Confined Space Entry, Part 3

Workers who enter confined spaces are at extreme risk, and they have a right to their "Bill of Rights."

MANY decisions to enter confined spaces are made without recognition of the expected danger. Lack of knowledge, carelessness, and simple acceptance of the hazard are the main reasons. The decisions to enter are made in spite of all efforts to provide hazard awareness and safety training.

Individuals who act alone--either because "it is my job" or because "I had to do it"--are responsible. When problems develop, it is usually too late. Accident investigations always conclude that "an ounce of prevention" could have averted the tragedy. Acceptance of responsibility for one's own safety is a major consideration that must be addressed.

Working in confined spaces requires a special individual. The spaces are generally small, with minimal clearances. Claustrophobia is a real issue. Work is usually accomplished without the benefit of a "buddy system," and there is limited communication with individuals outside the work space. Breathable air is limited and, if not contaminated, will usually become contaminated by the work being performed. Safety equipment can be uncomfortable and can restrict normal body movements. Performing routine tasks can become difficult if not impossible. Escape from the space is limited and usually must be accomplished without assistance in times of emergency. These and many other characteristics make the desirability of confined space work attractive to only a few special individuals who are willing to accept the risks. Acceptance of the "confined space risk" and the desire to work safely can become congruent only when the individual performing the work has the right to challenge work procedures and approve proposed safety precautions.

Most individuals rely on the professionalism and integrity of safety managers and supervisors to provide safe work procedures. Safety regulations and accepted industry practices usually govern safety conduct. The individual entering the confined space must be aware of required precautions and all potential hazards inherent within the work process. Chemicals and solvents used inside the space can produce significant contamination of breathable air. Lack of sufficient oxygen can result in drowsiness, fatigue, and disorientation. Entrapment and/or engulfment can result if retaining devices are not adequate. Escape and/or rescue can become impossible when, and if, hazardous conditions result.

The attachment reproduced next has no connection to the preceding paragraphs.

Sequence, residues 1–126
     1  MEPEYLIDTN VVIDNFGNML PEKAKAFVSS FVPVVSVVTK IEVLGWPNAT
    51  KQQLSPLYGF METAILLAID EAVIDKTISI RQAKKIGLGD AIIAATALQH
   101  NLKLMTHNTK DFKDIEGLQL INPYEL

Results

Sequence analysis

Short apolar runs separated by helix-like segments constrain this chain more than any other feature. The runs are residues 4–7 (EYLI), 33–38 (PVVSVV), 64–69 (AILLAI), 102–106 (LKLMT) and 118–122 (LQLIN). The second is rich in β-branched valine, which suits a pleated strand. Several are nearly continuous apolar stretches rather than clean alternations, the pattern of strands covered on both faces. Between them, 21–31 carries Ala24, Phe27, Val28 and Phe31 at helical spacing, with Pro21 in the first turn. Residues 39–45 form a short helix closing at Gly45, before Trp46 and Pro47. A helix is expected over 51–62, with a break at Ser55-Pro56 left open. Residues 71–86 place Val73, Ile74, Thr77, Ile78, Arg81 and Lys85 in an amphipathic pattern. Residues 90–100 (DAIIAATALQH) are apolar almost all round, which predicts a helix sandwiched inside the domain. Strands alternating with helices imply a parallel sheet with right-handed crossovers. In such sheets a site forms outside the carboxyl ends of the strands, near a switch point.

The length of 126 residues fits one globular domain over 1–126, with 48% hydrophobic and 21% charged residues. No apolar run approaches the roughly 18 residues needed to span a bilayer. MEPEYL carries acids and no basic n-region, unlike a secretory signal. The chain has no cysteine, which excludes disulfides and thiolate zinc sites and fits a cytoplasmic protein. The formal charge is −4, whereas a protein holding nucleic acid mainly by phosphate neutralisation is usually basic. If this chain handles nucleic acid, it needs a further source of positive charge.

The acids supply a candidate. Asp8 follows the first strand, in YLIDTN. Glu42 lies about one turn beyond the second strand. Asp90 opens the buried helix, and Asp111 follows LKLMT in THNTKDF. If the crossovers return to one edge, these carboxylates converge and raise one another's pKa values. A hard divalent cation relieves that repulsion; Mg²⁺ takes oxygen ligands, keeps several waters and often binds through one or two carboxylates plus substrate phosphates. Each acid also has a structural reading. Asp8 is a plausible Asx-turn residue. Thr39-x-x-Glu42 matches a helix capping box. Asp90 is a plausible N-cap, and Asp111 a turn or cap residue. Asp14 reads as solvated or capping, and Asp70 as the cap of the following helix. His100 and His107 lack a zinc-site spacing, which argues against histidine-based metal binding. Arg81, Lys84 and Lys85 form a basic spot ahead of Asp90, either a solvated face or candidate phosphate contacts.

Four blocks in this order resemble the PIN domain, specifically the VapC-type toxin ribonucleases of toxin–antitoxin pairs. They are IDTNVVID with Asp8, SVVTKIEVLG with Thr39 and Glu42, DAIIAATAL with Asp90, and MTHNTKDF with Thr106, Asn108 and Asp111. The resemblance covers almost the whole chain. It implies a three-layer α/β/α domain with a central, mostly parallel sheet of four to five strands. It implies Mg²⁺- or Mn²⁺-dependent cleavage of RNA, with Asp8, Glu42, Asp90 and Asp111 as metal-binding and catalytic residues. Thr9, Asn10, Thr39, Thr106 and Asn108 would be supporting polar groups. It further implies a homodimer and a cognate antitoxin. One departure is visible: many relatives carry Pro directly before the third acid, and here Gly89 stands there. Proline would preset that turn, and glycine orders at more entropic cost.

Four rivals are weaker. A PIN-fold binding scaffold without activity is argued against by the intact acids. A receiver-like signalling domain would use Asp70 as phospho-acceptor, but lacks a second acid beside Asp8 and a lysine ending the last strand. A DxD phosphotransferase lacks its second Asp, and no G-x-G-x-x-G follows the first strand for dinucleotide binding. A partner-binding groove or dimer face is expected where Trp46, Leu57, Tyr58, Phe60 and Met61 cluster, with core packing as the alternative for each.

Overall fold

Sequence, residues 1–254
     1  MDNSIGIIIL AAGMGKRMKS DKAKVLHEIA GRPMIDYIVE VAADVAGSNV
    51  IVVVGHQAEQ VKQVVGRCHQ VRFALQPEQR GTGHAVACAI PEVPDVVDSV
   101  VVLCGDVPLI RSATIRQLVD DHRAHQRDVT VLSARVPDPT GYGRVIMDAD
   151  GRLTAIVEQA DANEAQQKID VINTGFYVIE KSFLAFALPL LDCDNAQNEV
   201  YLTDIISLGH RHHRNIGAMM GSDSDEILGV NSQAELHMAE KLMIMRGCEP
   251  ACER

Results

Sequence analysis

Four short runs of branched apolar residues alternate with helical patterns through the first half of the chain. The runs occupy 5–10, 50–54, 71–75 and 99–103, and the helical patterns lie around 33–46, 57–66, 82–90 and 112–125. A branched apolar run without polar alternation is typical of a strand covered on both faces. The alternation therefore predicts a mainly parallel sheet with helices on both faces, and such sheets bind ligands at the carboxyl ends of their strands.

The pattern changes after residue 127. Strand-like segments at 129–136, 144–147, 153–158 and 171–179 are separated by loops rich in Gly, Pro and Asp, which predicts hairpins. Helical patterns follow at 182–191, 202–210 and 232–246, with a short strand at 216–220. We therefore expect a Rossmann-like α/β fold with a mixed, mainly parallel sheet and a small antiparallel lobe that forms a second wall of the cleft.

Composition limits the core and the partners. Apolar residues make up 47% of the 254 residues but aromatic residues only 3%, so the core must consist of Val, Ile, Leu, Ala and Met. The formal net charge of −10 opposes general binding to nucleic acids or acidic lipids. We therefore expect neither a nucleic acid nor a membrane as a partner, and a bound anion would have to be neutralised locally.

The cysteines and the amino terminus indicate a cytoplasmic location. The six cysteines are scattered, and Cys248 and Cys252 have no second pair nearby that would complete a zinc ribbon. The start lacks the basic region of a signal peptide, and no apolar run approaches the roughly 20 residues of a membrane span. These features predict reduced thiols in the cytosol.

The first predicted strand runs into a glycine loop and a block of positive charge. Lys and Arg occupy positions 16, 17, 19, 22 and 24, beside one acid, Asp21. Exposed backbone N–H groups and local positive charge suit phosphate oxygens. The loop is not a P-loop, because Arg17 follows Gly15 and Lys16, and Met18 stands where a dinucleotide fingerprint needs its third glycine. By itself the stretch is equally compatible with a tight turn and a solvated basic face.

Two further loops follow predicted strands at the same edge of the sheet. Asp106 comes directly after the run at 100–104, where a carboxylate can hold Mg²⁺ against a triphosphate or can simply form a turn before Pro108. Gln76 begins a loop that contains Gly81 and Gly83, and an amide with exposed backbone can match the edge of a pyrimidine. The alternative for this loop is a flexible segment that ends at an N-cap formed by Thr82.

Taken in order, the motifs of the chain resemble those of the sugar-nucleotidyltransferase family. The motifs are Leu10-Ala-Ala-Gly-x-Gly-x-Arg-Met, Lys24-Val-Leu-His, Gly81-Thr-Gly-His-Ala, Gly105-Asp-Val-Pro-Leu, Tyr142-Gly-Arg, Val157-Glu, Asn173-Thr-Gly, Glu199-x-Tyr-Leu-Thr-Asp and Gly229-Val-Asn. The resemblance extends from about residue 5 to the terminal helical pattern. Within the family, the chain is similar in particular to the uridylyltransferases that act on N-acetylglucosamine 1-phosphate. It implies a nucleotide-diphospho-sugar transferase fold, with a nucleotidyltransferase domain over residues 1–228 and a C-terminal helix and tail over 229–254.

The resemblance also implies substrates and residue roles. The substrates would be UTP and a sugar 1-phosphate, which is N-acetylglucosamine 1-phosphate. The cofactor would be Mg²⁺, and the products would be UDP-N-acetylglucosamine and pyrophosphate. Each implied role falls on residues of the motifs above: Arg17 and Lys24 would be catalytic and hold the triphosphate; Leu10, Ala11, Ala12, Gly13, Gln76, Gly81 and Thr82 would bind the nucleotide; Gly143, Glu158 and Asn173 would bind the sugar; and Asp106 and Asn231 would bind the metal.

The individual must know and understand all of the scenarios before the work begins. This is the most basic element in accepting responsibility for one's own safety. The adage "Look before you leap or you may become a victim" should have significant meaning to anyone who works inside confined spaces.

The 'Bill of Rights'
Confined space workers also have a "Bill of Rights" (i.e., the right to veto any and all work they feel places them at "undue risk"). This right is guaranteed by OSHA regulations. When it is exercised, the worker cannot be disciplined.

All legitimate safety concerns must be resolved before work begins. These concerns usually require a complete review of four issues: work space personnel, work environment, work space rescue team, and work space hazards. (See Table 1; the green shaded area means proceed with operations, yellow means caution, and red means "stop work.")

No work inside a confined space can begin until an entry permit has been issued by the Entry Supervisor. In certain cases where no immediate hazard exists inside the work space, this requirement can be waived. When this is done, the Entrant has the right to a satisfactory explanation of the proposed work routine. Failure to obtain this information when no permit is issued places the Entrant in immediate danger. All entry permits must be posted at the work site by the Entry Supervisor.

The work permit must identify all workers who are authorized to enter the work space during the life of the work permit. All permits must have a start time and finish time. The work procedures to be followed must be explained and the potential hazards must be identified. Required safety procedures must be listed, a Rescue Team must be established, and an Attendant must be assigned to monitor compliance with the work permit.